Chelsea describes herself as the kind of writer who just “launches right into” her work when she has the time (without the anxiety that can leave many writers staring at a blank screen or reorganizing their sock drawer again), and who “just physically enjoys the process of writing.” So it’s hard to imagine she experiences too many pangs of doubt. But at times, she says, the year 2017 left her with the sense that she was destined in her writing career “to always be the bridesmaid and never the bride. I kept getting so close to things, and then, no cigar! I started to wonder what I wasn’t doing right…I was getting sick of hearing, ‘this is exactly what we are looking for, but it’s not quite right’…then the [Jaffe] foundation came along and said, ‘You are right!’” She describes the moment she received the award: “I was at a playground, and I saw I had missed a call from the East Coast, and I got a voicemail to call them back, and in my mind I was like, ‘I didn’t answer the phone! They aren’t going to give it to me now!’ I was hugely pregnant and my daughter was doing who knows what…I just cried.” She adds: “The honor felt so nice.”
Chelsea has been well published and recognized for a writer just entering her fourth decade (she is 31). With an undergraduate degree in journalism from the California Polytechnic State University and an MFA in fiction from Portland State University, she has been nominated for an illustrious Pushcart Prize, and won a fellowship to the MacDowell Colony in New Hampshire (an organization that provides time and space for artists to work, and, according to Chelsea, is a great place to be pregnant because they just “feed you and provide this beautiful cushion of ease”). Among a bevy of publications including The Cincinnati Review and Cosmonauts Avenue that have published her work, she currently has stories appearing in McSweeney’s Quarterly Concern and Granta, both highly competitive literary journals.
Her wrenching and timely essay Why We Must Believe Women: My Family’s Legacy of Violence and Murder, published by Catapult, made the New York Times’ What We’re Reading list. “I was so nervous,” she says about publishing that nonfiction piece. “I felt sick. I felt it was a mistake, but I got so much feedback from random people. Many people in my family had not seen it.” The essay explores the murder of her aunt, a complex subject that she says she may visit again, as more context has emerged since she wrote the piece. Chelsea, like many writers, struggles with the ethical questions that often arise when writing personal essays, namely whose story is this and how one remains allegiant to the writing, and all it may expose, without exploiting or causing harm to people near and dear to it.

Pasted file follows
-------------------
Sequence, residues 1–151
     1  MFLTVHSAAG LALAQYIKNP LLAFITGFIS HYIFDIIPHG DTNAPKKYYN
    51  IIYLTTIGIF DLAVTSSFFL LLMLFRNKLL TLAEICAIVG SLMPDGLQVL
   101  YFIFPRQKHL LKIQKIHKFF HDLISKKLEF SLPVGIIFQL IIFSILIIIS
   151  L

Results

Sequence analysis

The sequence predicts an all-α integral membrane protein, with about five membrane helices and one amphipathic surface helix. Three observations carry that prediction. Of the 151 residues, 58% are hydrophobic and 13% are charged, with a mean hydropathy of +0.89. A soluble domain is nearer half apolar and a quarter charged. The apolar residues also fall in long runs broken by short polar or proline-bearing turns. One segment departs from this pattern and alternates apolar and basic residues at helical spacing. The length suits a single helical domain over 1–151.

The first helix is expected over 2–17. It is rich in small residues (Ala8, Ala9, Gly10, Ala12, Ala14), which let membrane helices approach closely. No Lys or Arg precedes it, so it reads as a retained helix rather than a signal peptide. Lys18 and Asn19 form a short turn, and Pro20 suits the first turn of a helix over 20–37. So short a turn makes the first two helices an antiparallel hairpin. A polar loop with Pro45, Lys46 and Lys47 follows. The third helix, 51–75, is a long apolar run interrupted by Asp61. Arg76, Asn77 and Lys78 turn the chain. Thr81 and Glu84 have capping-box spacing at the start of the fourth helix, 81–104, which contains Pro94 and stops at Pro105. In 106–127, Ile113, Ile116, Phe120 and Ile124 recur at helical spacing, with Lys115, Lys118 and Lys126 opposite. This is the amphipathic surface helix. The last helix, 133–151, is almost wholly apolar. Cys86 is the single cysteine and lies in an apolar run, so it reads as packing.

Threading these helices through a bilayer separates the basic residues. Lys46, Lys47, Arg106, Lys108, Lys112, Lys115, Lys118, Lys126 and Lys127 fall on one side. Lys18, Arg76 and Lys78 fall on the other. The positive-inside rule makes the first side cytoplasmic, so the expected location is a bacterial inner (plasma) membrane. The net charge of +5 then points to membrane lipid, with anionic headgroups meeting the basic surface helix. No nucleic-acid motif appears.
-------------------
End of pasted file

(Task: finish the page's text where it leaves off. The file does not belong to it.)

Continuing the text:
CHELSEA COVERS VAST TERRITORY in her fiction, but as in her nonfiction, seems to circle back to some central sore spots that inform much of her work. With echoes of writers like Flannery O’Connor and Claire Vaye Watkins, place is central to her fiction. Born in Fresno, Chelsea relocated to Portland in 2010 to attend the MFA program, yet California’s Central Valley landscape figures prominently in her stories, which explore abandonment, family, faith, motherhood, hope and longing. They defy simple category, and arrive on a sometimes comedic slant. Her stories are easily accessible yet literarily complex. Preferring the first-person point of view, she has a knack for voice and a penchant for tossing in the more uncomfortable truths of life. Consider her story Keep Her Down, where the two lead characters, Baby and Dee, both ex-lovers of Flip and now co-conspirators in the caring of Roberta, spend a good deal of the opening trying to sort out where Roberta has discarded her excrement. The story reads true and provides some genuine catch-your-breath moments, but I will let you discover that for yourself. The McSweeney’s issue that contains it can be purchased here.
Chelsea describes her novel Godshot, set to be released from Catapult in 2020, as “a book I felt like I had to write. It’s a lot about motherhood, becoming a mother, having a mother leave you. All my personal issues are in the book,” she says, laughing. “It’s my territory.” She explains the premise as a first-person account of a 14-year old, set in a fictional California town, “based on different memories of certain areas there. I envision it in that rural Central Valley landscape…farming, raisin vineyards.” The narrator becomes embroiled in the small-town dealings of a controlling church and a minister who believes his ways can save the raisin crop from a drought. He offers secret “assignments” to members of the congregation to save the crop, with disastrous consequences. The novel, as Chelsea explains it, “was mostly completed, at least the first draft, at MacDowell.” (Her residency was five weeks long, in case you find yourself wondering how quickly an industrious first-time novelist can complete a first draft.) And writing the novel “teaches you how to write a novel,” she says. “I mean, why would you know how to do that? You are figuring out pacing and these long-brewing characters and how to sustain voice. There’s no MFA fiction class that can teach you how to write a novel.” She also credits Mary Gaitskill’s novel, Veronica, for being central to the impulse to write her novel a certain way in the early stages. “Now only about two pages of that first draft actually made it into the novel.”